click photo to enlargeMost medieval English cathedrals are found in towns and small cities where they are still likely to be the biggest building for miles around. Even those that are in our big cities are rarely dwarfed by the large modern buildings around them, though the examples in London are heading that way. That this should be so for structures that were built several hundred years ago is remarkable: cathedrals were massive buildings when they were new, and remain so today when tall and big buildings are commonplace.
I was thinking about this when I was walking around the exterior of Lincoln Cathedral the other day. A circuit takes several minutes, and you risk a cricked neck or a tumble as you invariably spend most of this time looking upwards at the marvellous architectural details that cover its surface. The medieval visitor from a far-flung town, being used to buildings that were usually single storey and rarely exceeded two, must have found the building quite overwhelming.
Later, when I visited Lincoln Castle, and walked along its walls and up its tallest tower for a distant view of the Cathedral it occurred to me that the scale of it is even better comprehended from a high vantage point. From that position you get a fuller appreciation of its size relative to houses and other common buildings. I've taken this view of the Cathedral from "Observatory Tower" several times over the past thirty five or so years, and it is a prospect that is much reproduced in publicity material associated with the area. Usually the photographer chooses a sunny day with the west facade illuminated. I had to take what was available, but I'm not displeased by the bright light with a couple of sunlit areas. Sometimes you find that what you are given is more interesting than what you want!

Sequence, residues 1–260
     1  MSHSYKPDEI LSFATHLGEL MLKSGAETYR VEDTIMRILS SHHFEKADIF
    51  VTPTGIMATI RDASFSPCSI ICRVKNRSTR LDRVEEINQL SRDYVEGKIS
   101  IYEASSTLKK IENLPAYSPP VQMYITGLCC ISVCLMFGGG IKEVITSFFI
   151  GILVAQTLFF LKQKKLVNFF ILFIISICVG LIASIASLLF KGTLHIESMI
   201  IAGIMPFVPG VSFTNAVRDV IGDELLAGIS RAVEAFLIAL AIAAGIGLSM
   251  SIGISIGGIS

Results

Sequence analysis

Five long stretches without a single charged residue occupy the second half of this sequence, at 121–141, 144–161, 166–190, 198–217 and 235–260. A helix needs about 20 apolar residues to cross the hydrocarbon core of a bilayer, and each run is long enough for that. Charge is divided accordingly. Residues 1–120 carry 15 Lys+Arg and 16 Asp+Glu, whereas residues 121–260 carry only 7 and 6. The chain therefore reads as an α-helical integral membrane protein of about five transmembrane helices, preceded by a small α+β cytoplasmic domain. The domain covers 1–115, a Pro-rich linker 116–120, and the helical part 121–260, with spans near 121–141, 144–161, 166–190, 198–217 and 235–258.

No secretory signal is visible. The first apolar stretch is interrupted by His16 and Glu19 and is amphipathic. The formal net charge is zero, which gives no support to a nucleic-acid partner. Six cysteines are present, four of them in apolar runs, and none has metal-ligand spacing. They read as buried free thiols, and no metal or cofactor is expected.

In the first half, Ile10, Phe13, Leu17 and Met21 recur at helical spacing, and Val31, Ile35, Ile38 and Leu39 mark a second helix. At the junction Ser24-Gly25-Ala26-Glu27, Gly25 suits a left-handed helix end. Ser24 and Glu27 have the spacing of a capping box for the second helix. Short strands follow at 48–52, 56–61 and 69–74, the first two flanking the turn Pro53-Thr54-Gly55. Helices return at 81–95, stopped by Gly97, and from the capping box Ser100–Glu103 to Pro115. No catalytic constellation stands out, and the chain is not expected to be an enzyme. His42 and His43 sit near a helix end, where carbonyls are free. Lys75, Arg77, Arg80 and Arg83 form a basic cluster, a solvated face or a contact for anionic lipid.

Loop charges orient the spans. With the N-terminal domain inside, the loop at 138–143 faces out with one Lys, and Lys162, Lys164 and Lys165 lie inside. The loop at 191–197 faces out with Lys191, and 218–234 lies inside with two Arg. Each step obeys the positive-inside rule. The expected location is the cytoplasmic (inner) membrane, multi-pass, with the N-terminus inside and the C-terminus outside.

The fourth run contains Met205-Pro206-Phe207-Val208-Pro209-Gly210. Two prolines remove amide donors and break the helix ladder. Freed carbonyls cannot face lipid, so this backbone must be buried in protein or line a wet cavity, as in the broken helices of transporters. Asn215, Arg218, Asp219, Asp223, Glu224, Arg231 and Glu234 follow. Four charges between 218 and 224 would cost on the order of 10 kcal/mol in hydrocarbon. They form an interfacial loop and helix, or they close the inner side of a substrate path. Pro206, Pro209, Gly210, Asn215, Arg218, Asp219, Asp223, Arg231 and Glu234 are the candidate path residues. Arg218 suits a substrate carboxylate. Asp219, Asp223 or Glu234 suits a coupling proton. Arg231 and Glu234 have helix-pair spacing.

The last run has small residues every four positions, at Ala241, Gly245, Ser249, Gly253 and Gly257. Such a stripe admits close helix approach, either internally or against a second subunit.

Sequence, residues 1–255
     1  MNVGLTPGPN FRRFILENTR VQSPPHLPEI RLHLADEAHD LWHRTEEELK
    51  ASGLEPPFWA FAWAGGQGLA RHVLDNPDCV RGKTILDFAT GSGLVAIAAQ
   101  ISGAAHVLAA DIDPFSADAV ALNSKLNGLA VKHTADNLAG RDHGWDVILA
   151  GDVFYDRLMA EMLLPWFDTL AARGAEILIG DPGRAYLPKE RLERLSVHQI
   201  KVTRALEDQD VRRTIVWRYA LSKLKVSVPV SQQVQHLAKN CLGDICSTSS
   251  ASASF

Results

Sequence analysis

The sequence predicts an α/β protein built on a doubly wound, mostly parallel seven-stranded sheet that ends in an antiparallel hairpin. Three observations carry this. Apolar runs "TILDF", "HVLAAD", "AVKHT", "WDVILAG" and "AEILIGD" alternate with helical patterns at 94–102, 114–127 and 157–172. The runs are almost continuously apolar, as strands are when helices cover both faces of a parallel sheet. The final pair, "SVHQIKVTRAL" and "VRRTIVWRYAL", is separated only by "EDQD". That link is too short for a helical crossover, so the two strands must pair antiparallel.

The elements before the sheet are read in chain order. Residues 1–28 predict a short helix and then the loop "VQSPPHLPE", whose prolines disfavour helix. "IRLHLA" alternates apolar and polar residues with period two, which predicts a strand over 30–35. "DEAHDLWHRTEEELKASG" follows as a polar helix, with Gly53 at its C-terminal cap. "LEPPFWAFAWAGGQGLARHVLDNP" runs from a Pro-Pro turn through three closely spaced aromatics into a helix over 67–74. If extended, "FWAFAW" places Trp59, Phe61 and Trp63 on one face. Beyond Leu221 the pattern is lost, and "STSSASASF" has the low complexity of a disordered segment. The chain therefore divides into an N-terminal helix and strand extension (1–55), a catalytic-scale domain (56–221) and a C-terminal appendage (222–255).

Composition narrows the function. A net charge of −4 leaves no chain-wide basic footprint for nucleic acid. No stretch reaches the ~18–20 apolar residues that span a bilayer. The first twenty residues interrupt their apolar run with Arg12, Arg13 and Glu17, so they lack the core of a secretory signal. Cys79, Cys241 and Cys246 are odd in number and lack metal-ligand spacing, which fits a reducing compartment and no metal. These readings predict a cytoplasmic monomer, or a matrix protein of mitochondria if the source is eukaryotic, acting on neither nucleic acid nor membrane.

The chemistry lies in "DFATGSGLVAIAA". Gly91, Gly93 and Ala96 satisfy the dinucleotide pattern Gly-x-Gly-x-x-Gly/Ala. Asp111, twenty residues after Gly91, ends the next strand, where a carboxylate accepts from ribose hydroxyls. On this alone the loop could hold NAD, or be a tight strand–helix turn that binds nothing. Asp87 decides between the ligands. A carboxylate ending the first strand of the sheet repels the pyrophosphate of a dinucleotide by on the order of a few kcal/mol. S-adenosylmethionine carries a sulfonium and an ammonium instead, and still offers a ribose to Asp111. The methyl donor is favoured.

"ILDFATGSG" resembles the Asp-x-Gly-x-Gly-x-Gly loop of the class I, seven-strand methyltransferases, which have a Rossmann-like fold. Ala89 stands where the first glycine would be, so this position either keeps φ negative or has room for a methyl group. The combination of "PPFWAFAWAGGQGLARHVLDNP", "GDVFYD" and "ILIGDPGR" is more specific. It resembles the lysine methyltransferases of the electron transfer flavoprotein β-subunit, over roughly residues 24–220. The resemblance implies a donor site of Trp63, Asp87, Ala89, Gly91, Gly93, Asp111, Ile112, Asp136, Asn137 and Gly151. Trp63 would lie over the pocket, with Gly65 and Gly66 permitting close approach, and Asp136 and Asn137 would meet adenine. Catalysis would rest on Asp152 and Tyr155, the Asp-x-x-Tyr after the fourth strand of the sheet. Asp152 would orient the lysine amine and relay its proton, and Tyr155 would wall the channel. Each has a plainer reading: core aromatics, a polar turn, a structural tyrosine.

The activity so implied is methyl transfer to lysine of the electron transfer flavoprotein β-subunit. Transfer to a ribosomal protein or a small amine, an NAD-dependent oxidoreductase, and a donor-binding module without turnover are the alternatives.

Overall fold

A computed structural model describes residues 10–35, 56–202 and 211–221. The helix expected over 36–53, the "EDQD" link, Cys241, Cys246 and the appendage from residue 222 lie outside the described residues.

photograph and text (c) T. Boughen
Mode: Aperture Priority
Focal Length: 35mm
F No: f7.1
Shutter Speed: 1/320
Exposure Compensation: -0.33 EV
Image Stabilisation: On